It generally takes me awhile to go and see a movie. Between not wanting to be in the crowds on opening weekend (That’s my introvert self talking.) and looking for the cheaper showings (I hate how much it costs to go to the movies nowadays.), waiting for a couple of weeks seems to be the norm. But, last Monday, I saw K. M. Weiland’s blog post of 4 Pacing Tricks to Keep Readers’ Attention in her ongoing series of The Do’s and Don’t’s of Storytelling According to Marvel. It focused on Captain Marvel, the most recent Marvel movie. I was entranced when I read the post. I could go see this movie, learn some tricks for my own writing, and be entertained at the same time. Seemed worth the price for a ticket so I headed to the theater last Thursday afternoon.
The movie was worth penny I spent. Not only was I entertained; not only did I learn some tricks I could use in my own writing; I also saw some of my own life in Carol Danvers’ life. No, I haven’t been to another planet. No, I haven’t had amnesia. And no, I certainly haven’t gained super powers. But, I’ve gone through a lot of the past year not knowing who I was. I was no longer a homeschool teacher, and there was no natural niche where I felt I fit. The parts of my life were in pieces with parts not being acknowledged by other parts. I’ve had a difficult time working my way through it.
But, back to the movie. There was something happening every fifteen minutes or so that kept me in the story. That, in writing terms, is called pacing, and the movie was a great visual example of it for me. And it wasn’t just random. It was something that moved the story along and brought Vers (Danvers’ Kree warrior name) to our technologically challenged planet. She had decisions to make at each point too.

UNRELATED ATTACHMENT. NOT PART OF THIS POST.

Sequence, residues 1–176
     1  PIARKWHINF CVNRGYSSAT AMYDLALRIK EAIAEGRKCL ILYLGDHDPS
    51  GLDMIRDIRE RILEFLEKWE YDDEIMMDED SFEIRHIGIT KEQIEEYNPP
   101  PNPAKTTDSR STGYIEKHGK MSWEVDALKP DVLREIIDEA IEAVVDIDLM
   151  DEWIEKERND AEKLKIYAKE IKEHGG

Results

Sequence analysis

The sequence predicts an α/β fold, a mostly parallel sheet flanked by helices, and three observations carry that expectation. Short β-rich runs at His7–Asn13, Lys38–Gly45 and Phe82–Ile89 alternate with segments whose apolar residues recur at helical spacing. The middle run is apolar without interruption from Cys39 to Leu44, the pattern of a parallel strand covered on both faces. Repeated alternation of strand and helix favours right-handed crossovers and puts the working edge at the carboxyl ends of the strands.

I also liked how they began the story in the middle of the action, but were also able to combine character development with it which made sense and didn’t feel forced. Her character arc combined seamlessly with the story as it should have since this was an origin story.
There were two things though that felt off during the movie, but not off enough for me to take my good rating away. The first was the jarring nature of the flashbacks where the Skrull commander repeatedly “rewound” Vers’ memories forcing her to pay attention to details she originally hadn’t focused on. It reminded me of the skipping of a record player each time it happened. (which should tell you how old I am, 🙂 ) But, in its defense, it was a different way to do a flashback which made it memorable.
The other thing that bothered me was the characterization of the villain. Even if it wasn’t already known this particular character was going to be the villain, it was easily figured out by the way he behaved toward the heroine. I didn’t see very much good at all in the way his character was presented even before his villainy was on the movie screen.
When everything was known though, when Carol was about to know and knew who she was, and when Yon-Rogg was shown to be the villain, some of the best scenes of the movie sizzled on the screen. I could see the good writing. I could see the good characterization. I could even see that the revelations were handled crisply and cleanly.
And the part about it relating to my own life? I saw my life coming together as a whole through watching this movie. That might be a funny thing to say about a secular movie, but bear with me. I felt awkward with the thought at first. How could my faith life, my writing life, and my life in general come together through watching a secular movie? That’s when I thought of the addition to today’s post title, “Higher, Further, Faster” (With God as my Co-Pilot). I had thought I needed others’ approval for what God was calling me to do, but I really don’t. I just need to do what God is calling me to do on whatever path He sets me on.
So, that’s it for today. Highest recommendations for the movie! Can’t wait for Avengers Endgame in just a few weeks!